“Beyond that, I can use a kick in the butt in my work as well. I can learn from another draftsman that is possibly a bit more free in some ways with the way he approaches his layouts just to learn a new sensibility. Where I go through so much exhaustive reference just to start drawing something, the truth is here I jump in and that work has been done and I can lend almost a surface level approach and allow the fluidity that is within the draftsmanship of Doug Braithwaite to infect my work to make it have a life it possibly hasn’t had before.”
The genesis of this project begins where “Paradise X” ends. Ross thought it would be fun to roll the crew he’d been working together with on the “Earth X” saga onto a DC project. Initially the duties of each member of the team would remain the same, Ross and Krueger on plot and script, Ross and Braithwaite on covers and Braithwaite on interiors. Ultimately, Ross thought about it and a change was in order.
“I started to look upon ‘Justice’ greedily and thought, you know what, that’s the thing I should be illustrating. The taste of wanting to work with another talented penciller has been with me for a very long time. So, this opportunity to take advantage of Doug and his talents is something that I’ve wanted to jump in to. It’s an opportunity I’m jumping at.
Moving on to the story, Ross says “Justice” has a complex and engaging story with a big, climactic payoff.
“The overarcing story line is sort of a subversive collecting of the villains in to a typical master plot that will have them rub out their adversaries – the super heroes – essentially putting together that grayest of all Luthor/Brainiac type of schemes. As it is, Jim and I have put our heads together to make this complicated plot that reaches into all these different areas and addresses each and every character. As we have this enormous cast that will take up and dominate our story, we’ll be looking to have plot twists and a scheme that is hopefully worthy of everyone’s respect or at least enough to get them confused, at least at first.”
In terms of the heroes and villains that make up the cast of “Justice,” Ross says fans should expect to the main seven, the formative group, that we commonly think of as the JLA, plus a number of secondary figures, many of which made appearances in “JLA: Liberty and Justice.”
“My vision of DC is much influenced by the sort of collection of their main arch-types as they came to fruition between the 60s and 70s and mostly were there throughout the 80s, up until the start of the 90s where pretty much everything was thrown out for a good ten years before the period we’re in right now where 99% of all characters have been or are being returned to what they have been before. In what Paul and I have done and what Jim and I are drafting on to is a landscape of DC, where this is the clean, unencumbered form of their mythology that doesn’t demand you know previous issues of continuity and you can jump in more freely.”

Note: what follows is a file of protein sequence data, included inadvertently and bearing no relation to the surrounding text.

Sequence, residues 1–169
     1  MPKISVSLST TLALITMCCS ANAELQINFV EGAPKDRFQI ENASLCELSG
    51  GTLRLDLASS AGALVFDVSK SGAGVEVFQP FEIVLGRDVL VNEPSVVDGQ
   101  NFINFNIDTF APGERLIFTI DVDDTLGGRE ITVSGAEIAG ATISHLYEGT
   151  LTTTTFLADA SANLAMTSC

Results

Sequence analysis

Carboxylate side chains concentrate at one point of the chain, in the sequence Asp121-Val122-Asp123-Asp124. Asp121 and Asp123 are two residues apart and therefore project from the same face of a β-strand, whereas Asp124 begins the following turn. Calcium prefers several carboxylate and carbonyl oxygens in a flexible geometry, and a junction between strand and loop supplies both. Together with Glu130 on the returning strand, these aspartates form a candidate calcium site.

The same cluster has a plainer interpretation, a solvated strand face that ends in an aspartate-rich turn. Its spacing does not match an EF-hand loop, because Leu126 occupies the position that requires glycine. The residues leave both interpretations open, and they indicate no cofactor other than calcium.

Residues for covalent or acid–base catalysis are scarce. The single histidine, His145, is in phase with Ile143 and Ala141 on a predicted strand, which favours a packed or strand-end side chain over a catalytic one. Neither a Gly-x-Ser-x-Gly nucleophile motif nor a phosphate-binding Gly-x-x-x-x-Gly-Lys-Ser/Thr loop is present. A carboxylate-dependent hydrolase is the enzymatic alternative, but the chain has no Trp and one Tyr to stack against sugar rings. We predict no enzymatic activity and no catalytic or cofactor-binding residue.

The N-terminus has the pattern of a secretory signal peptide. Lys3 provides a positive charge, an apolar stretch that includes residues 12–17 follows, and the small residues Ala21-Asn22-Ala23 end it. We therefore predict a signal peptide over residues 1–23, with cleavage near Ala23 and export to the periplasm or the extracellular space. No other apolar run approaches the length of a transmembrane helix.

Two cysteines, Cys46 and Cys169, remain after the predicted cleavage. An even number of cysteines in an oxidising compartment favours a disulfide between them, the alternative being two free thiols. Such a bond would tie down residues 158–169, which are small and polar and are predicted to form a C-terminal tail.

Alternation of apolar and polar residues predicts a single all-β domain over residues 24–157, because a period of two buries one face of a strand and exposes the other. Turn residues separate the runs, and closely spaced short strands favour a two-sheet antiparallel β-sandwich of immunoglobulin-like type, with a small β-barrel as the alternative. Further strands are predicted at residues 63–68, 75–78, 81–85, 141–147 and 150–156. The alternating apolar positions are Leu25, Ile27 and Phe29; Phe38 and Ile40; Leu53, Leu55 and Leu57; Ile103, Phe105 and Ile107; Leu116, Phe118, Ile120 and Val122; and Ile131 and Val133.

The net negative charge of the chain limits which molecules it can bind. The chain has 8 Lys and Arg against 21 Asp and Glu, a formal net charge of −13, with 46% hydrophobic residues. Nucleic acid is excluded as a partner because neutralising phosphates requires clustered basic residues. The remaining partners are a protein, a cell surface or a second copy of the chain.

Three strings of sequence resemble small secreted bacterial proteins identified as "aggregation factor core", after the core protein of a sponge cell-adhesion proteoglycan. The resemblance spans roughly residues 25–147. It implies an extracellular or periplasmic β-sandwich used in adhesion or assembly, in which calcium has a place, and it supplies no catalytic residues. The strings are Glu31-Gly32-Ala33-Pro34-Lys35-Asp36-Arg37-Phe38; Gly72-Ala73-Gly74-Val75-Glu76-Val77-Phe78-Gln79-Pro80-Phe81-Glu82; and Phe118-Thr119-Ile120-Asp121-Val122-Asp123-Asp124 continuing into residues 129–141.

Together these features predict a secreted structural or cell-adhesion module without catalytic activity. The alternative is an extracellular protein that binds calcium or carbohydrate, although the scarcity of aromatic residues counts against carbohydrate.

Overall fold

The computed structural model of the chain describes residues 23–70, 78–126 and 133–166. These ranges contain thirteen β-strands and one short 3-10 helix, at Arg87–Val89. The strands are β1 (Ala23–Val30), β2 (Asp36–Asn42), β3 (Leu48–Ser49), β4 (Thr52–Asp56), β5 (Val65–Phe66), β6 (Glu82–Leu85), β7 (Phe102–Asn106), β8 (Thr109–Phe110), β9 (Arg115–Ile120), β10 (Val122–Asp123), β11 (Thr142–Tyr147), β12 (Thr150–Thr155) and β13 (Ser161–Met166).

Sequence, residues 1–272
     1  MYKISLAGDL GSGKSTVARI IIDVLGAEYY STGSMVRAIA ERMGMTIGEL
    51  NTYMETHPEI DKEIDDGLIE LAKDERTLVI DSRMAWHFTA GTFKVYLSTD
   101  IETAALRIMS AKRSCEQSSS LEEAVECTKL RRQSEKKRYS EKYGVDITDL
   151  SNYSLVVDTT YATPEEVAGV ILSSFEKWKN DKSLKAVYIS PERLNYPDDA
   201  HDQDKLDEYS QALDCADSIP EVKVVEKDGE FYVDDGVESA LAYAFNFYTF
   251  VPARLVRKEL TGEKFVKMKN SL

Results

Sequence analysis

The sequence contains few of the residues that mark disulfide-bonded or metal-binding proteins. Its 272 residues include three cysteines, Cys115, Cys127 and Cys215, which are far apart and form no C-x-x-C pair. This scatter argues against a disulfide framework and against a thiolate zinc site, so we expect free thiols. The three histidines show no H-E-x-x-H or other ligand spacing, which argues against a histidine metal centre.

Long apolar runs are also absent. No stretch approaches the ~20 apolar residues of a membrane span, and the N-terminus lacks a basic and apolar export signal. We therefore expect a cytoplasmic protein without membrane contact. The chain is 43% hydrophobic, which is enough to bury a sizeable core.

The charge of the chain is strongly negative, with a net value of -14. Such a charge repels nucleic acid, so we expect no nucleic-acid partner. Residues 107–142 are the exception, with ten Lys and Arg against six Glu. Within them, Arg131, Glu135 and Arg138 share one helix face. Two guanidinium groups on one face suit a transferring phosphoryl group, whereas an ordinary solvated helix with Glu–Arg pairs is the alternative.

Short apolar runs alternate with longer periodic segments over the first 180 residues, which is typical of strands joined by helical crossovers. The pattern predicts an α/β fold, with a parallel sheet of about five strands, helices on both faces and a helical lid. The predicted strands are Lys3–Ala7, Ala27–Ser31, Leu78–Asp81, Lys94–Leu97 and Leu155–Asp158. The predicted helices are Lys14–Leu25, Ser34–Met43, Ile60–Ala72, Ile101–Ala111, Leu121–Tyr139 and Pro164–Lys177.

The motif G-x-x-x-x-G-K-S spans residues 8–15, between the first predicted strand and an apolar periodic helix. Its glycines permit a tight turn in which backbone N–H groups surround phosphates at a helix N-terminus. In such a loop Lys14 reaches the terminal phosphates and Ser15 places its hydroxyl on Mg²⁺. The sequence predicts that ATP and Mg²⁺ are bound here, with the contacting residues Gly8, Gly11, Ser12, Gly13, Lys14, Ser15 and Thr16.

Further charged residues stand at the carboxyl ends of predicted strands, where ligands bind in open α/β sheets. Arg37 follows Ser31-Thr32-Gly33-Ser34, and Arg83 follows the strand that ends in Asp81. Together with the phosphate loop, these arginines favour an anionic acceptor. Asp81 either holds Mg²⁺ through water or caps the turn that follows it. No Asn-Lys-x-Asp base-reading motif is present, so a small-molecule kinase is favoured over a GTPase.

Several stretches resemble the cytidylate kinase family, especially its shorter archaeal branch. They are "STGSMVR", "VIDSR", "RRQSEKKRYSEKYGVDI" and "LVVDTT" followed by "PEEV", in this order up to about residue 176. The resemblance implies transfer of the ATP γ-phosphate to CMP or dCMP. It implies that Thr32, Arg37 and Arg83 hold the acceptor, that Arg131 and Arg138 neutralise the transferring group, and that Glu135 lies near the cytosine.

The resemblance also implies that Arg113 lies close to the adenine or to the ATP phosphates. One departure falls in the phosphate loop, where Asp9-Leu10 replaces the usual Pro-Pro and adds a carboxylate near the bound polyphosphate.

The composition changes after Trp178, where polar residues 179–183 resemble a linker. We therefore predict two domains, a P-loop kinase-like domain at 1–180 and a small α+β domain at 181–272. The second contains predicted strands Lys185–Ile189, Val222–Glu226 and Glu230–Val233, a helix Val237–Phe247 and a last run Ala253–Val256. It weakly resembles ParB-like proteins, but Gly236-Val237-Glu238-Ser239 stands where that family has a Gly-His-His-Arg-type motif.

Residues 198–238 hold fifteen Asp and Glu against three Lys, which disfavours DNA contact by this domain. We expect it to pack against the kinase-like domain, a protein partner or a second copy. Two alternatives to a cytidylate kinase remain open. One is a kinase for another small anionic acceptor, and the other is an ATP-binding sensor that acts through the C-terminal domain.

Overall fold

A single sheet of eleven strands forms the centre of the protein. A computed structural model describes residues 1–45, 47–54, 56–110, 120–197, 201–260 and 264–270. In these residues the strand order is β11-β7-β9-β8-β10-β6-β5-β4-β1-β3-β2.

As one might expect, the conclusion of “Justice” will see a large battle sequence, similar in scale to the battles Ross drew in “Kingdom Come,” plus our heroes will wear a special armor, designed by Ross, to assist in their fight.
“The conclusion of our tale involves our heroes going to battle and thus being prepared for it,” said Ross. “So, there will be a costume redesign of sorts for every member of the JLA befitting them for war. This has also entailed multiple designs given for the various villains where I’ve decided there are multiple things they could be adorned with. Certain characters – like the Joker who I think of as a potential clothes horse – might be wearing a different outfit every time. I mean, why should he wear only the one purple tuxedo? The sketches I’ve done, which are quite numerous for all these different villains, they involve multiple takes on them.”
Ross realizes just how big an undertaking this series will be for him and he’s looking forward to the long commitment to the project and giving something back to the fans.
“This is a major commitment for me to get in to. On my end, it’s trying to get back to my comic book roots in just making a regular comic book that people can afford more easily than say my once a year $10 items. Frankly, I haven’t really been in this place because ever since’Marvels’ came out, they priced that at an abominable $5 bucks because they thought they could jip people an extra buck for the plastic cover. So, ever since then, graphic novels of whatever format have been $5 including ‘Kingdom Come.’ So, I’ve not been at that $3 price in a long time. There are definitely people who’ve followed ably the works I’ve done that I’ve co-plotted with Jim Krueger and Kurt Busiek before and done the covers and designs for, but the complaints that I never illustrated the full works never went away. This is where I want to show them that I understand their concern, I see it, I appreciate it and I’m going to give you everything I can to win back your trust.”